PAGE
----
Mind Over Miller: A really good dog

Mind Over Miller: A really good dog

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Jul 01, 2008

See that dog with me below? That was Rosie. I wrote about her in my January 2003 column. We discovered she had cancer when she was 9, but thanks to two colleagues who are also my friends, Dr. Jim Felts and Dr. Alice Villalobos, Rosie lived three more years, with a good quality of life until her last days.


Robert M. Miller, DVM
Except for the first dog my wife and I got as newlyweds, all of our dogs have been Australian shepherds of the same bloodline. That first dog, Wendy, was a former patient in Arizona. She was an Australian shepherd-English shepherd cross. Both breeds are misnomers because both are American stock dogs. The Australian shepherd descended from herding dogs in the Basque region, between France and Spain. They came to California from Australia with Basque herders and shiploads of sheep after the discovery of gold in the mid-19th century.

In practice, I was always amused by clients who owned Australian shepherds and gave them names like Dingo or Outback. They were so disappointed to learn the breed originated in the United States.

I remember a visiting Australian colleague being shocked when she asked what kind of dogs I had in my car and I answered, "Australian shepherds." She indignantly replied, "They're what? There's no such thing!"

The Australians have great stock dogs of their own, such as the kelpie and the Queensland—or blue—heeler. Of course, now we have kelpies and heelers in the U.S., and Australia finally has Australian shepherds.

Actually, there are only two kinds of stock dogs in the world: border collies and all the rest. The border collie is unquestionably the most intelligent breed and the best of all stock dogs. But border collies' work ethic is so intense that many of them are not ideal family dogs. That's why I have Australian shepherds.




After Wendy, I got my first purebred Australian shepherd from a colleague, retired veterinarian Weldon Heard of Roseburg, Ore. Molly was the best dog I ever owned. Mentally and physically, she was free of faults. Perfect in every way, she lived to 15, leaving us with two of her pups. Of course, they too passed on long ago. We have a lot of dogs buried in our pasture.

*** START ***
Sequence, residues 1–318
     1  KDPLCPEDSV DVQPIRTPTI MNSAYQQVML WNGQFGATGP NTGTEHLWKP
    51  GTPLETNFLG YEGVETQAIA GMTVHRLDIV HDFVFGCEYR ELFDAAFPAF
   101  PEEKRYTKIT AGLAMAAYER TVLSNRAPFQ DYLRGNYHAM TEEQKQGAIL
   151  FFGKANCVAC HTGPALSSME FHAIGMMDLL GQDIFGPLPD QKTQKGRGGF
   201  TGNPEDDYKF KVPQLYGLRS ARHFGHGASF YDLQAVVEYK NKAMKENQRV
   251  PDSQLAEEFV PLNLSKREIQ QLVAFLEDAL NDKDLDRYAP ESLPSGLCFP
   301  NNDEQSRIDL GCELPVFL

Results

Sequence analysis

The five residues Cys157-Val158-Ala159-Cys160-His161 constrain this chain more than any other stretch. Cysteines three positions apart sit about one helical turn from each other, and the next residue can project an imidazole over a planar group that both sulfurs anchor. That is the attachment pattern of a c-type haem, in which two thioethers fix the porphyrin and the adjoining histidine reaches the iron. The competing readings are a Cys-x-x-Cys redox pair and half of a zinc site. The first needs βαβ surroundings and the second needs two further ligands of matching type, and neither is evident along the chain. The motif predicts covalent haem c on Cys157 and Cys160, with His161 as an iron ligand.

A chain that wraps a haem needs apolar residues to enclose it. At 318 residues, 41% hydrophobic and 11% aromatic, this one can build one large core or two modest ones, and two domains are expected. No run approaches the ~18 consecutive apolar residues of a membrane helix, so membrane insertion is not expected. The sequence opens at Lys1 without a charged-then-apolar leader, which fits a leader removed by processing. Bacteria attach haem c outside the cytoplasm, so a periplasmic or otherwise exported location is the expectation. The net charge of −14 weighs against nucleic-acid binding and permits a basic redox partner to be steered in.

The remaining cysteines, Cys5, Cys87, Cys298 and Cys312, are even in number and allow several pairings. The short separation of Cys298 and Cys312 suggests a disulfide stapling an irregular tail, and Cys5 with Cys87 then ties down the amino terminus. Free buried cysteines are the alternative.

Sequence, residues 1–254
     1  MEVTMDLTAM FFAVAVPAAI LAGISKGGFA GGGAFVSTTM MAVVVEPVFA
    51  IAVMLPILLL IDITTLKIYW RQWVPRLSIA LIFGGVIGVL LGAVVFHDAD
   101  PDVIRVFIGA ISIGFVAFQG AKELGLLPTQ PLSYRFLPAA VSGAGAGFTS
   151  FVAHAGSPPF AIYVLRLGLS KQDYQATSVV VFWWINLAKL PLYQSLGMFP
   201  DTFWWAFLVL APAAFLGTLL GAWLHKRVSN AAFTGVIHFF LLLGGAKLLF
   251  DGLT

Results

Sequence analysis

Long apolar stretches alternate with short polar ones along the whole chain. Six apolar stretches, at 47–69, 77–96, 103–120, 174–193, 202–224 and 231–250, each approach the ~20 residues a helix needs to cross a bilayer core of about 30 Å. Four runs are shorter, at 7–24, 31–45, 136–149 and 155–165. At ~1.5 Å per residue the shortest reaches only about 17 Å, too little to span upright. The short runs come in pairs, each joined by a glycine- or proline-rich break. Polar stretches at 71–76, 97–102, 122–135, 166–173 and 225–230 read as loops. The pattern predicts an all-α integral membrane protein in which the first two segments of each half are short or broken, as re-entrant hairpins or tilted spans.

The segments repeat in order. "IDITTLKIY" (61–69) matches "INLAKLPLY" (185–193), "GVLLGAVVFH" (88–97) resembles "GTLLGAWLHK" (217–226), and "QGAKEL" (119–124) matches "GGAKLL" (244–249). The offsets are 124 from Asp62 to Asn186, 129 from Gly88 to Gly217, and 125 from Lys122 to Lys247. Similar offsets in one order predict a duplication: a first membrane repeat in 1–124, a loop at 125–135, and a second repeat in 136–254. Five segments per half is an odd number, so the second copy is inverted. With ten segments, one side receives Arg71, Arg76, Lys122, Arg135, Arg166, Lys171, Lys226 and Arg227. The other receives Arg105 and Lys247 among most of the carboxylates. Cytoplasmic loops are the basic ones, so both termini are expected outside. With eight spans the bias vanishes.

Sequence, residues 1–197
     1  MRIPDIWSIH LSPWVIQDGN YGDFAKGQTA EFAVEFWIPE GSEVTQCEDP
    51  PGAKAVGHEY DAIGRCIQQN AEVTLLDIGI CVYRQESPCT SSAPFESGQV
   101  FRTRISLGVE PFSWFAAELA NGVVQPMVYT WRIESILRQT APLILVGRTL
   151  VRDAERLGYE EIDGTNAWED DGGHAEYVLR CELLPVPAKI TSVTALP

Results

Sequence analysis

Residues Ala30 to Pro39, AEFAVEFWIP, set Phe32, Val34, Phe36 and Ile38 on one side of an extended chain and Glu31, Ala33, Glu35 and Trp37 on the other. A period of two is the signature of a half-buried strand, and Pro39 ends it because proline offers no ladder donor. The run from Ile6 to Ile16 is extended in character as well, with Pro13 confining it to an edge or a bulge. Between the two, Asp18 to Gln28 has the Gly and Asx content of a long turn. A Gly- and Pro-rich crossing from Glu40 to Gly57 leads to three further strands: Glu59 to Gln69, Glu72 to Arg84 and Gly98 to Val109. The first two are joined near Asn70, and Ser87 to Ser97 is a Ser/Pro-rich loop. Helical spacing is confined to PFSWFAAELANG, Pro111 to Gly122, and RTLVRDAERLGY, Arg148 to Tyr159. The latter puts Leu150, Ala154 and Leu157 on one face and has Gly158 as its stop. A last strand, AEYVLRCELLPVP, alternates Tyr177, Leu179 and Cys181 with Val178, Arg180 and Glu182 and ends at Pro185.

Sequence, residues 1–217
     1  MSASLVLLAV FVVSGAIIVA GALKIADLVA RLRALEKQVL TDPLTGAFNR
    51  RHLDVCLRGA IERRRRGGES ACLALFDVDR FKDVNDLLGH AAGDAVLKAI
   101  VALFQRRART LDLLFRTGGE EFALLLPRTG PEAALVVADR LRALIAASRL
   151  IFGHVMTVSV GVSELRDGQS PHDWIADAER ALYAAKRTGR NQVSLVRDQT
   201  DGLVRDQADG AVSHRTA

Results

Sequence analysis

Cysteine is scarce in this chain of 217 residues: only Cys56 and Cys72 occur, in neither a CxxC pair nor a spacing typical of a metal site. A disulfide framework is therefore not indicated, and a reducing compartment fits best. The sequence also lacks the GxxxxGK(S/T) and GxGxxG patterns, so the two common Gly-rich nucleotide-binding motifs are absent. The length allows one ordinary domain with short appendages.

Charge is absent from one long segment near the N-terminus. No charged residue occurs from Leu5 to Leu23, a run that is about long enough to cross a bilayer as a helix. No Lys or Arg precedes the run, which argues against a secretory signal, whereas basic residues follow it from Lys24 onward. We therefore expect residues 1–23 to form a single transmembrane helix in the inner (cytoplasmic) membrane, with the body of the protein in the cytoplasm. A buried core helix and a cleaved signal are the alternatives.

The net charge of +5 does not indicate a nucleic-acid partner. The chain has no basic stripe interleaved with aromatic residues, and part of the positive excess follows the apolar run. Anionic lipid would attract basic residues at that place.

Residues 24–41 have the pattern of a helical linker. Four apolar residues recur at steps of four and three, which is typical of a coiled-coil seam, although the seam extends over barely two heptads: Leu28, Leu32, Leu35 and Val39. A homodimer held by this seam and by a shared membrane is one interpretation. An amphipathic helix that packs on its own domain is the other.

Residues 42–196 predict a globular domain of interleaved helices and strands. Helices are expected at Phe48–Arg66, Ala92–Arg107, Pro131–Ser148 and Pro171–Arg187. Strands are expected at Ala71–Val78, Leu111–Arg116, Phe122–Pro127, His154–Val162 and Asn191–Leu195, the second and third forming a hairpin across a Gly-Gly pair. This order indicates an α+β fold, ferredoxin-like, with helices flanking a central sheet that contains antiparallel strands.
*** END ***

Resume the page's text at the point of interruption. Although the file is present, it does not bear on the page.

Dr. Heard's dogs, the Flintridge bloodline, are the only dogs we have owned since we got Molly. The more Flintridge in them, the better they were. Those with less Flintridge breeding were still good dogs, but the great dogs we have owned were those with the most Flintridge breeding. Thank you, Dr. Heard!

After Rosie died, we drove a thousand miles to replace her with Daisy (pictured above). You can see by this photograph how similar she looks to her predecessor. Of course, no two dogs are ever alike, and she is quite different from Rosie. Our other dog, Sugar Bear (we did not name her), visibly mourned Rosie's death. That ended when we brought the new pup home. Daisy filled the gap in all our hearts.

As a practitioner, I observed many times that although I like most dogs, there isn't one in a thousand that I want in my home. I have been blessed by having good dogs all of my life.

Editors' note: Read Dr. Miller's January 2003 column about Rosie at http://www.vetmedpub.com/Rosie.

Robert M. Miller, DVM, is an author and a cartoonist, speaker, and Veterinary Medicine Practitioner Advisory Board member from Thousand Oaks, Calif. His thoughts in "Mind Over Miller" are drawn from 32 years as a mixed-animal practitioner. Visit his Web site at http://www.robertmmiller.com/.